A study has found that people with symptoms of cardiovascular health issues, such as angina and heart palpitations, tend to drink less coffee, avoid coffee altogether, or drink decaf.
The scientists used a genetic technique to show that these symptoms determine the amount of coffee people drink, rather than the other way round.
The research casts doubt on observational evidence that drinking moderate amounts of coffee can benefit cardiovascular health.
The unmistakable taste and smell of coffee — not to mention its ability to perk people up in the morning — have made it one of the world’s most popular beverages.
Better still, observational studies indicate that coffee may protect against cardiovascular disease, diabetes, Parkinson’s disease, and certain cancers.
Prospective studiesTrusted Source, which follow people over time, have provided evidence that drinking this beverage is safe for most people and is associated with lower mortality rates.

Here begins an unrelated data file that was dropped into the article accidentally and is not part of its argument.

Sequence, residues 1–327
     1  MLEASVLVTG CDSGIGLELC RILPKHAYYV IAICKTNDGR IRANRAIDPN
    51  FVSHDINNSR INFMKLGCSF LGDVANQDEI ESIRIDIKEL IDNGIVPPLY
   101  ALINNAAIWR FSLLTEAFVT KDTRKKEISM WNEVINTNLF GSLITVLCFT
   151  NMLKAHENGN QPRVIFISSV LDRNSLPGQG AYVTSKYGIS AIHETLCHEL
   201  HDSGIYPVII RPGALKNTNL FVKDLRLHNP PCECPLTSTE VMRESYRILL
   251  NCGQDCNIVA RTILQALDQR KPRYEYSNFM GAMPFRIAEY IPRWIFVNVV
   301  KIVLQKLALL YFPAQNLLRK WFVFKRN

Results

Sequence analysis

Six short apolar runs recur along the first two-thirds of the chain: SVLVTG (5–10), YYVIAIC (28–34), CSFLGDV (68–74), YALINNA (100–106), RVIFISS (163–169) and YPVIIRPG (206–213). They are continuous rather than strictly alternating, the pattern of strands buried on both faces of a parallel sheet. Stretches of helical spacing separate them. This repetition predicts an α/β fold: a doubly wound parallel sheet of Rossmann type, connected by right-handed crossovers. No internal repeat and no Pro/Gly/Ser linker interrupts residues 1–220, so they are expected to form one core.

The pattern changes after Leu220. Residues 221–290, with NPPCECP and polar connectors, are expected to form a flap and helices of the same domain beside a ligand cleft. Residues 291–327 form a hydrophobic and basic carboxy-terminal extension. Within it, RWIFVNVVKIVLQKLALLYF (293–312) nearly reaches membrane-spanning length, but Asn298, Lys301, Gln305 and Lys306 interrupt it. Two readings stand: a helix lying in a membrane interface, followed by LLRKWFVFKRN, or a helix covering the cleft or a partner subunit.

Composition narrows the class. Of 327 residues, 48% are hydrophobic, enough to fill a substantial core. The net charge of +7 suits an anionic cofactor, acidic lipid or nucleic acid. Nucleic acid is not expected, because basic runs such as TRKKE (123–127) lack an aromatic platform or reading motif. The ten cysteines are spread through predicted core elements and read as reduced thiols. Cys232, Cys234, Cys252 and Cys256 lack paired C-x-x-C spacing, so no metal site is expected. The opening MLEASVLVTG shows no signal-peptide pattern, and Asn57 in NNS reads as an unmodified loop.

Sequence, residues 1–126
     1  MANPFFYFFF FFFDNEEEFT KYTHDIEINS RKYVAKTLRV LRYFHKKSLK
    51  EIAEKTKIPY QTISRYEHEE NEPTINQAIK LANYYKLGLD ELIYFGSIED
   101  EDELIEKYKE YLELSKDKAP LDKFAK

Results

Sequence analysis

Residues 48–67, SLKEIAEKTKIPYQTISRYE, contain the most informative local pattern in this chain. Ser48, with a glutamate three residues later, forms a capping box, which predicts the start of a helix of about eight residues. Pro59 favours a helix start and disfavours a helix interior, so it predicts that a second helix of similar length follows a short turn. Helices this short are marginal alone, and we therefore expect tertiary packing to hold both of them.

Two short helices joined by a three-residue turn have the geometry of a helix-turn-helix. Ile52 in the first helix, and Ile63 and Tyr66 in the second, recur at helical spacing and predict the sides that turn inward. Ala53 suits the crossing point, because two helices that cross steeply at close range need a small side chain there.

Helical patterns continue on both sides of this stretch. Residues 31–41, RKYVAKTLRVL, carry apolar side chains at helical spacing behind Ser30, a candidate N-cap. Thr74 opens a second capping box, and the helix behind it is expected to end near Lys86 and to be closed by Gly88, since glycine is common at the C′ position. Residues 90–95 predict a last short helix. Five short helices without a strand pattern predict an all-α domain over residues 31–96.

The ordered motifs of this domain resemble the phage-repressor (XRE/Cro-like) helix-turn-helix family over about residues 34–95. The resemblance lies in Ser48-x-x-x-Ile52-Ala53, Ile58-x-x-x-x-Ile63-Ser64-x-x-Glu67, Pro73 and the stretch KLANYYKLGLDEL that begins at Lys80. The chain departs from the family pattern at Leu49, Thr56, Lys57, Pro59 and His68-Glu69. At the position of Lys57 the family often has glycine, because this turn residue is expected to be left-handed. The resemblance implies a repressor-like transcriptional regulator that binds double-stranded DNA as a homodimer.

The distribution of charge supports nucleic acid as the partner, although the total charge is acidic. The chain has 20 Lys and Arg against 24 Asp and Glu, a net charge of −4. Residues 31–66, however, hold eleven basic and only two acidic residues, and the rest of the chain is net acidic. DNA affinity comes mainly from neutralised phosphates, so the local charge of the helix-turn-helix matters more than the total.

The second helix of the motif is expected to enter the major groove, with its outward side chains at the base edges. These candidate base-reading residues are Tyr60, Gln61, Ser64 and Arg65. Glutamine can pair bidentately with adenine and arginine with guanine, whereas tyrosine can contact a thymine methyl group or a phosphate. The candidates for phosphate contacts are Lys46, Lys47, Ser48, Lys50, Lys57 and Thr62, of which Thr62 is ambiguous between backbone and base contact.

However, a new study suggests that some of the supposed health benefits of coffee for cardiovascular health may have been overblown. The research was limited to white British participants.
As a result of the caffeine that coffee contains, excessive consumption can cause unpleasant symptoms such as tachycardia (a fast resting heart rate) and palpitations.
Drinking coffee can also lead to a moderate, temporary increase in blood pressure.
So it may come as a surprise that regular coffee drinkers either have normal or reduced blood pressure compared with people who do not drink coffee.
One explanation may be that coffee drinkers develop a physiological tolerance for the effects of caffeine.
But a new study suggests that people with a high genetic risk of cardiovascular disease unconsciously reduce how much they drink to avoid unpleasant cardiovascular symptoms.
The research found that individuals with high blood pressure, angina, or arrhythmia drank less caffeinated coffee and were more likely to drink decaffeinated coffee.
Crucially, there was strong evidence that their genetic vulnerability to cardiovascular disease led to their reduced consumption of coffee.